To judge how far to follow my advice, consider this: ---<>--- Slappin' paint on minis since 2006

  7. #7

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    Sounds like you may have gotten painting the ferrule. You may need to give it a soak in brush cleaner and restorer and then rise it thoroughly, and then reshape it. As fro the burshlicking Dragonsreach mentioned spit does work best for reshaping your brush but you don't have lick your brush. There is a large crease in your palm that you can, um, lick or blot with your tongue and then drag the brush through to shape it. I' know, it's kind of the same thing but it's a good way to stat kicking the brushlicking habbit - like the nicorette of brushlicking At least that way you are just a handlicker - oh, that sounds dirty ~sigh~ oh well.
    "Remember, you can't spell paint without a little pain."

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  8. #8

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    Quote Originally Posted by Domoto
    So I have been doing everything suggested to take care of it, using The Masters brush cleaner after every session, not being extremely rough on it, not stabbing the point ect.
    Suggested by whom? Not actually asking, just pointing out that the highlighted bit is certainly not something that would be universally recommended (for a brush of this type).

    So to cut to the heart of the matter, that is washing the brush too frequently. I heartily recommend perusing the previous threads on brush cleaning and brush maintenance, as you'll see in some of them you only need to wash a brush if it's dirty. And with good rinsing procedures a couple/few times per year is about what you'd be looking at.

    Quote Originally Posted by Domoto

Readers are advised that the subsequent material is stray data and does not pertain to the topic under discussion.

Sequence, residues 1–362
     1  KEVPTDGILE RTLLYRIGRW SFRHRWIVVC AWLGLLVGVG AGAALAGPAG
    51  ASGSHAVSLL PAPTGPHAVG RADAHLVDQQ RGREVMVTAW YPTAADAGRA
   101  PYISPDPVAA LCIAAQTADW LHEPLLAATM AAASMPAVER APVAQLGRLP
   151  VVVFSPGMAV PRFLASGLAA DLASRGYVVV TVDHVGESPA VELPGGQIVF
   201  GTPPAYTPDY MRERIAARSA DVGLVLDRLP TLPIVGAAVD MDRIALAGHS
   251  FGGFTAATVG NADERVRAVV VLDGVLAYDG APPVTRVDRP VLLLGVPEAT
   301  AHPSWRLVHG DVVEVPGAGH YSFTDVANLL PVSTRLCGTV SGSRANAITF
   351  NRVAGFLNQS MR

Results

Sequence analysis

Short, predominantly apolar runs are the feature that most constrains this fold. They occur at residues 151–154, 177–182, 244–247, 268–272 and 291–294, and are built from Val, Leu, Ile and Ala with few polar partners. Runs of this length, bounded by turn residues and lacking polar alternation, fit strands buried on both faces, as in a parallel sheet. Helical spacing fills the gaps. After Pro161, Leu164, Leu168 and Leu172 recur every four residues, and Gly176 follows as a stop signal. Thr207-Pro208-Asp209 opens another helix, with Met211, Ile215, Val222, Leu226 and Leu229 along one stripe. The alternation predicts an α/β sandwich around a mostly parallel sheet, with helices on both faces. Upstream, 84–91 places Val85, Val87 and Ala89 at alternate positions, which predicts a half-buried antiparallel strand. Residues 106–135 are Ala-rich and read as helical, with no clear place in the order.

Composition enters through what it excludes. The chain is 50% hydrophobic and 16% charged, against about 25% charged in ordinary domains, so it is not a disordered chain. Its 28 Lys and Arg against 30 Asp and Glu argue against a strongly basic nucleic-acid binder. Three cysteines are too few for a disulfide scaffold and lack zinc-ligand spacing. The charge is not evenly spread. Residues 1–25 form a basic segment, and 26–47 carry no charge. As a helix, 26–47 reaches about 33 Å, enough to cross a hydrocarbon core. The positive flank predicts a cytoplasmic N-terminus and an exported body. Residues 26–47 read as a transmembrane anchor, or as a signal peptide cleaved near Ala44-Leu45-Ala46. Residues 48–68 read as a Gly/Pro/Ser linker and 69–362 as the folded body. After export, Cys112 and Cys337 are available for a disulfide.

If I rinse off the paint after using the brush and set it down for a smallish amount of time 5-10 minutes (to get up to get a drink for example), the hairs begin to spread/flare outward to where there is no point at all.
    That can be perfectly normal, but for a brush of this size and age it does indicate that it's been overcleaned. As a general thing, the shape a brush forms when wet is really the only thing to worry about - this is why if you're buying brushes in person you should assess them wetted with water.

    If you have any conditioner I'd recommend conditioning the brush and putting it up for a day or more, with a small amount of conditioner left it in. This will go somewhere towards repairing the damage to the hairs but no guarantees how much it'll help.

    Einion

  9. #9

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    What you describe happening should not happen on a decent brush, at least not until it has had a good bit of use. The odd stray bristle, maybe.
    I also agree you are cleaning it too much. A simple rinse in fresh water should suffice and only wash it if it is dirty.
    As suggested, always reform your brush. A popular way of doing this is to roll it on your tongue (brush licking) after rinsing during and at the end of a session, to reform the tip into a nice point.